If there’s one thing that watching celebrity “reality” shows teaches you, it’s that rich and famous people aren’t any happier than the rest of us. You’d think that having all that money and notoriety would make people wildly happy. But it doesn’t. And if you’re walking around thinking, “Well, if I won the lottery, I’d be gloriously happy for the rest of my life,” nope, you wouldn’t. Practically everybody who comes into sudden wealth gets happy momentarily and then returns to their former level of happiness (or unhappiness) as before. So what does bring lasting happiness?
In a nifty little study, Daniel Mochon of MIT (now at Tulane University) and his colleagues asked if small, repeated actions might be the best way to improve your sense of well-being over the long term. The researchers looked at two sorts of behaviors that they imagined might increase people’s sense of well-being: spiritual expression (in the form of attending some sort of religious service) or engaging in physical activity (either at a gym or practicing yoga). In before/after comparisons, the participants reported an increase in their sense of well-being.
Happiest over all were Mormons and people of Baha’i faith. The least happy were Catholics and Quakers. But “least happy” here was still pretty darn happy (an average of 70 on a 100 point scale when rating themselves on questions like “How happy are you with your life in general?”) The biggest before/after boost was experienced by the Greek Orthodox; people placed in the generic “Christians” category experienced no change in their sense of well-being (~82/100).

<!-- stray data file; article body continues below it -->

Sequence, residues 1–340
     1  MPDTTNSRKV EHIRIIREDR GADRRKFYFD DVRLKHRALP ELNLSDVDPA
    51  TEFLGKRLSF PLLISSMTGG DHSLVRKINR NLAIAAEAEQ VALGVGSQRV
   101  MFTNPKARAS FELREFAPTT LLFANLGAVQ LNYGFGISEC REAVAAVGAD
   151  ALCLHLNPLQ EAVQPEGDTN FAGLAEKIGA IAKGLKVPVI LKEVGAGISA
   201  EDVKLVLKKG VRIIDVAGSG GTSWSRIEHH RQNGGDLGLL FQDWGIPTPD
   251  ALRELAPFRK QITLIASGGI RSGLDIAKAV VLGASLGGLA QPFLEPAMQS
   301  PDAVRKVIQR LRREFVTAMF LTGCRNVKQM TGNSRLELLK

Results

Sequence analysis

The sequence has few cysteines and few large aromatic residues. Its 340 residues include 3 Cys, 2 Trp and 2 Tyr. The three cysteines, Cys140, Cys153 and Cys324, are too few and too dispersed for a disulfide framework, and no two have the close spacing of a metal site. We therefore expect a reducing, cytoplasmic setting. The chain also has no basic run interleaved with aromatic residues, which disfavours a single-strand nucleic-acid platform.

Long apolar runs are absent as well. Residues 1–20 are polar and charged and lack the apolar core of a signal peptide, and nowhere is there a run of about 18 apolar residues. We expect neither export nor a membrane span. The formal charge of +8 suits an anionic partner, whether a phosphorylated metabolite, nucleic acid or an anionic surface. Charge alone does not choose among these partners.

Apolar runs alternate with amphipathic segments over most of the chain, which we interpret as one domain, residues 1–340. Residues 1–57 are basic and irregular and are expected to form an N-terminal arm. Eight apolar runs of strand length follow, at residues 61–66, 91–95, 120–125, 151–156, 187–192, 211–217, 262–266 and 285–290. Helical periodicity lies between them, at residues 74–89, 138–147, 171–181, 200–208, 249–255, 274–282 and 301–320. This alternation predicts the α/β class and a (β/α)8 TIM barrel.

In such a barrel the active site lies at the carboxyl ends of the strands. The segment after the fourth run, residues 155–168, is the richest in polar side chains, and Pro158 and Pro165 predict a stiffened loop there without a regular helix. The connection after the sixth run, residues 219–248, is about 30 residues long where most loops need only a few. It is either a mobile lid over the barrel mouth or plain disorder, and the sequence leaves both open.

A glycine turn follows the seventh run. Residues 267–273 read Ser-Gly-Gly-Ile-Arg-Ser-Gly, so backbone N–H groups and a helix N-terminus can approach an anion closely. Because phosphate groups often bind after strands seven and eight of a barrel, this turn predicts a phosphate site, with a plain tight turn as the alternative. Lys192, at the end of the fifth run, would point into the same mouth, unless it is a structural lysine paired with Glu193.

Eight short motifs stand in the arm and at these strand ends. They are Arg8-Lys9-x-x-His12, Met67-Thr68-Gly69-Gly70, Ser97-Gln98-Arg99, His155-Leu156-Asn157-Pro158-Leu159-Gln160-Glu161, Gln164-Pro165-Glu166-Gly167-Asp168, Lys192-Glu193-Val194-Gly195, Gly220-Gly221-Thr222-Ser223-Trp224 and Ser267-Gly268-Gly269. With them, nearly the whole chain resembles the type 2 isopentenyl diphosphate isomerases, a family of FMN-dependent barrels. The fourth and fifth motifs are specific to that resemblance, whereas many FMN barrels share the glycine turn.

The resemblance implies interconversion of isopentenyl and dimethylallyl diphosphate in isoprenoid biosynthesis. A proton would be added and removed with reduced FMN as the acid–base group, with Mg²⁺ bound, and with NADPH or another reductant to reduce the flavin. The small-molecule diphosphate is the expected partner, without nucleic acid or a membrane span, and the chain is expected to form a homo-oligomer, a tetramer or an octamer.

While their results aren’t that surprising (to me, anyway, since I both attend religious services and practice yoga), the researchers themselves were surprised. That’s because they subscribe to the “hedonic treadmill” idea, which posits that you have a “set point” of happiness that neither good nor bad events effects very much. Their conclusion: “…people who engage in these activities often enough will end up with higher well-being.” Put another way, regular, small boosts will increase your sense of happiness over the long term.
Here’s how to put these results to work for yourself:
- Find an activity to try. It could be taking a walk, attending a religious service, or taking a yoga class. The choice is up to you, just make sure it’s something you can participate in regularly.
- Keep track your sense of well-being before and after the activity. A scale of one to five works just fine. After you’ve attended several sessions (say three to five), evaluate. If you’re seeing some increases, then make a longer term commitment. If not, try something else.
- If you want an even bigger boost, add in the “three good things” exercise. Personally, I keep a gratitude journal, which I find keeps me focused on positive emotional experiences on a daily basis (and probably provides the same kind of small boosts).